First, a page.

Those defensive gun uses happen far more frequently than most people suspect. A 2013 study ordered by the Centers for Disease Control and Prevention and conducted by the National Research Council and the Institute of Medicine found that “defensive use of guns by crime victims is a common occurrence.” A defensive gun use may not involve actually shooting an attacker, and it need not require even that a shot be fired. Simply displaying a firearm or warning the criminal that you are armed often suffices to deter a threat. According to the government’s study, “Almost all national survey estimates indicate that defensive gun uses by victims are at least as common as offensive uses by criminals, with estimates of annual uses ranging from about 500,000 to more than 3 million.”

In the mid-1990s, respected criminologist Professor Gary Kleck conducted a large-scale survey and concluded that between 2.2 and 2.5 million defensive gun uses occur annually. A 2017 Pew survey suggested an average of 2.9 million defensive gun uses annually. In 2021, Professor William English of Georgetown University published the most comprehensive survey of firearm use ever conducted. His results show that Americans use guns defensively about 1.67 million times per year, which breaks down to 4,575 times each day. Think about that for a moment: every day some 4,575 lives are protected from injury (maybe even death) because of a firearm. Few of these “good guy with a gun” instances are ever reported in the media probably because most of these DGUs do not involve the firing of a single shot and, of course, most news outlets are uninterested in stories about guns saving lives (being far more interested in publicizing stories about guns taking lives).

Why do individual citizens use their privately owned firearms so frequently for self-defense? For the same reason that firearms can be crucial in preventing or halting mass shootings: in almost all cases, the police cannot possibly arrive in time. They come around to investigate after the fact. To save lives, those on the scene must take action immediately; remember, you are your own first responder.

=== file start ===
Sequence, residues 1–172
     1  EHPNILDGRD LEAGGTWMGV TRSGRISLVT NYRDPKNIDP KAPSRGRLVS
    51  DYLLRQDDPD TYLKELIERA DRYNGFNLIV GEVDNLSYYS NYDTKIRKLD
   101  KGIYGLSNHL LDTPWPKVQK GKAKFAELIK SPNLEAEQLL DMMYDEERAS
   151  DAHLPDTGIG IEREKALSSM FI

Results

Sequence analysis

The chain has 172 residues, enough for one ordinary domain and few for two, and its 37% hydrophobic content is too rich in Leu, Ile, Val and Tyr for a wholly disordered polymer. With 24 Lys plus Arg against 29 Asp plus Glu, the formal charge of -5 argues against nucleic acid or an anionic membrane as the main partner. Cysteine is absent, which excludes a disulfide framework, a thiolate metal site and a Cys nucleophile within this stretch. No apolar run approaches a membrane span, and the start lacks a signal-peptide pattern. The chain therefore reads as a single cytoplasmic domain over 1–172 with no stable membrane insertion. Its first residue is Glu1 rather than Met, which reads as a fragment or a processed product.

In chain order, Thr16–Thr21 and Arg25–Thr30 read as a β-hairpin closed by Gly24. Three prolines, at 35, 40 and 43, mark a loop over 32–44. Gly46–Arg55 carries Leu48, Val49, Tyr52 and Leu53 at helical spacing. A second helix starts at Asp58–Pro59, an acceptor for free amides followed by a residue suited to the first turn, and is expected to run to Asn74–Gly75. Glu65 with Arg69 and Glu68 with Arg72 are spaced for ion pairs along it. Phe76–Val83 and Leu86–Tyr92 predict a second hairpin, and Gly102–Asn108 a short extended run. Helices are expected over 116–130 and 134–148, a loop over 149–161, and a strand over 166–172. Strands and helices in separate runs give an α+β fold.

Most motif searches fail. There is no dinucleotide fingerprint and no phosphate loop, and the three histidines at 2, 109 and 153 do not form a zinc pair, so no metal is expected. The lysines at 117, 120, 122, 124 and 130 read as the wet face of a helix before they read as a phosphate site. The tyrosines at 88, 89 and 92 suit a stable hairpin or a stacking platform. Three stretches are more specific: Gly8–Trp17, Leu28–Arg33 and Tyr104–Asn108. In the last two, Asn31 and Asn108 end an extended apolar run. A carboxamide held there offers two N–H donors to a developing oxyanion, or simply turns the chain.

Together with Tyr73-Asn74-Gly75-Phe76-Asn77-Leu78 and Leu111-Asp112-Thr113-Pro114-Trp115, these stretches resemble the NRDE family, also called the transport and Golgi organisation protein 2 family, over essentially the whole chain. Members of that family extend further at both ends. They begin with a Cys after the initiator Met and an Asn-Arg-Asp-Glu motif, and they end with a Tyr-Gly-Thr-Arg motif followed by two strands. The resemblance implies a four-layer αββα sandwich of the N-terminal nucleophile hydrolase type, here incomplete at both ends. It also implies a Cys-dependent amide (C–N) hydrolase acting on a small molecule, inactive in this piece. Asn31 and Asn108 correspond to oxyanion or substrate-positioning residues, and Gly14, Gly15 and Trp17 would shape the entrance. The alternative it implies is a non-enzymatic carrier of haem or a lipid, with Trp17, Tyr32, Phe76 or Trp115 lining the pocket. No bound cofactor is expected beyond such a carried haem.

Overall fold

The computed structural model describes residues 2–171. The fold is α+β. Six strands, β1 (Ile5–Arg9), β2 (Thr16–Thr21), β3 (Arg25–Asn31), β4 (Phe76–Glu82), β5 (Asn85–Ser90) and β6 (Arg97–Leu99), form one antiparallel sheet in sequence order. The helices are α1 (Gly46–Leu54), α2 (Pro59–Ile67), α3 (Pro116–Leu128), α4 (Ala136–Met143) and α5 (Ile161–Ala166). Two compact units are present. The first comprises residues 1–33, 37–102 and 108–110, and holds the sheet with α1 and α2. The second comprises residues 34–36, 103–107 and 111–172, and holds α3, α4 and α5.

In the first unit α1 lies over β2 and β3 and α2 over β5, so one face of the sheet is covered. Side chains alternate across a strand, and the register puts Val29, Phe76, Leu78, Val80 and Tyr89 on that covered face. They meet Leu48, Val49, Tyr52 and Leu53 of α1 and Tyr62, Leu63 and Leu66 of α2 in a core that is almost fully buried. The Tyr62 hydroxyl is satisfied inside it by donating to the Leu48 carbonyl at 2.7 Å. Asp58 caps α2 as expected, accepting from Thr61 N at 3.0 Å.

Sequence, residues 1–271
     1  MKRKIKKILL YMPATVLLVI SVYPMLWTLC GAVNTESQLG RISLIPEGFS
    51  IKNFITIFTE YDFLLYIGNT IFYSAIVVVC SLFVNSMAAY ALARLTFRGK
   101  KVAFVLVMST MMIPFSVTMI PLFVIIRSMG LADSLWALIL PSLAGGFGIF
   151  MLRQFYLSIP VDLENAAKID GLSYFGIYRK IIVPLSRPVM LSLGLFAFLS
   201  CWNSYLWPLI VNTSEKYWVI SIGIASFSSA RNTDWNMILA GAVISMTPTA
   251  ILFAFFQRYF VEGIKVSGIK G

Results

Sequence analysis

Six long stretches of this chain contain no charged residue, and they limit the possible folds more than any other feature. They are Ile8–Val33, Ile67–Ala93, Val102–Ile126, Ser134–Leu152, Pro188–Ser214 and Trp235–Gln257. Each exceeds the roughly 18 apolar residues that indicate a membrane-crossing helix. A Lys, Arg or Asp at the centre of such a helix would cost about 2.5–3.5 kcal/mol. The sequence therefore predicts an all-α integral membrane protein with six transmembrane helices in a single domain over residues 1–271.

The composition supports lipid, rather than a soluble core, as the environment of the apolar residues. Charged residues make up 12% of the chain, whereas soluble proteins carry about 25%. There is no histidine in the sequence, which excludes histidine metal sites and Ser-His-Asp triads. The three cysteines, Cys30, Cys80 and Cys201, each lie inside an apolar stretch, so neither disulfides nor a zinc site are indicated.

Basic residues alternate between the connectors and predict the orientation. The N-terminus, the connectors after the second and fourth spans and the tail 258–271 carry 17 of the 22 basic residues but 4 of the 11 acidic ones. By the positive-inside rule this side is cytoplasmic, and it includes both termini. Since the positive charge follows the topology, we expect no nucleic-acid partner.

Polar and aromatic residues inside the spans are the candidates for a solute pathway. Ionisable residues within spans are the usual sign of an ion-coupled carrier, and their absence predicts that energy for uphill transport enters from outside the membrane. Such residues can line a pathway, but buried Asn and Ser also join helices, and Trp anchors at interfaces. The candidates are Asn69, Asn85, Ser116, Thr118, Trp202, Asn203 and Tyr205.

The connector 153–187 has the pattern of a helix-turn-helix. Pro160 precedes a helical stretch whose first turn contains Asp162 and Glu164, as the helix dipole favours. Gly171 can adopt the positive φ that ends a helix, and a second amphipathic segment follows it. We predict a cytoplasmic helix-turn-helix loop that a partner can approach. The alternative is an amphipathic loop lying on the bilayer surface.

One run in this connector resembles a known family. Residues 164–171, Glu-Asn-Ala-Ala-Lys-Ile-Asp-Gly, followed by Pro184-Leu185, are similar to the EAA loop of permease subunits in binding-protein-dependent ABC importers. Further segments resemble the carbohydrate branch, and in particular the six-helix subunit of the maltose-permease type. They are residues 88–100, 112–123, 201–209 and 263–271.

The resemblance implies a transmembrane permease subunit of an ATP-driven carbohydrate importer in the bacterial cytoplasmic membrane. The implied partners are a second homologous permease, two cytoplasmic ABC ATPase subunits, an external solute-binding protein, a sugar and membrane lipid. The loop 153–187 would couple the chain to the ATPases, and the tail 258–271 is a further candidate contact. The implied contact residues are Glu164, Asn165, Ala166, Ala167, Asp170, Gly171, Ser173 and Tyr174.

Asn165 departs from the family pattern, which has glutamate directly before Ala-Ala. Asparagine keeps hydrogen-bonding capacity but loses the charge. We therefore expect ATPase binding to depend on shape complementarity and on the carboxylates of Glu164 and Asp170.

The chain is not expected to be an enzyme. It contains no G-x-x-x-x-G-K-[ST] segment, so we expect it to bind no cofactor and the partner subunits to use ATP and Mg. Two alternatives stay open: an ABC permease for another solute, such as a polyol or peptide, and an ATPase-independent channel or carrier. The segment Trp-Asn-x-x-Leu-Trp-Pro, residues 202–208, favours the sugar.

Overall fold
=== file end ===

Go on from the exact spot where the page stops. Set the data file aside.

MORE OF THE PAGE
And yet politicians and the media agitate for more laws that will make it much harder for ordinary people to defend themselves against violent criminals. Gun-control proponents insist that private arms are not needed in these “civilized” times characterized by increased crime and the defund the police movement. They tell us that we have the government and law enforcement to protect us. But the politicians and billionaires who want to disarm us clearly don’t believe that themselves, which is why they have their own armed security, bodyguards, and Secret Service and U.S. Marshals’ protection.

Supreme Court justice Clarence Thomas made this point eloquently when he said: “For those of us who work in marbled halls, guarded constantly by a vigilant and dedicated police force, the guarantees of the Second Amendment might seem antiquated and superfluous. But the Framers made a clear choice: They reserved to all Americans the right to bear arms for self-defense. I do not think we should stand by idly while a State denies its citizens that right, particularly when their very lives may depend on it.”

The problem today is that some conservatives are not just standing idly by. No, it is much worse than that — they are joining in the left’s efforts to disarm us. But these severe restrictions on our constitutional right to keep and bear arms won’t stop mass shootings. Only armed intervention on the scene can help. Similarly, only armed citizens can effectively protect themselves and their families from criminal attack.

There is no excuse for any Republican to negotiate away our Second Amendment rights. Neither ignorance of firearms nor a desire to “do something” justifies embracing the civilian disarmament lobby’s agenda—in any respect. And why should law-abiding gun owners pay the price for the actions of homicidal psychopaths—unless there is a hidden agenda involved?

Mark W. Smith is a constitutional attorney, professor, and host of the Four Boxes Diner YouTube channel discussing Second Amendment issues and history.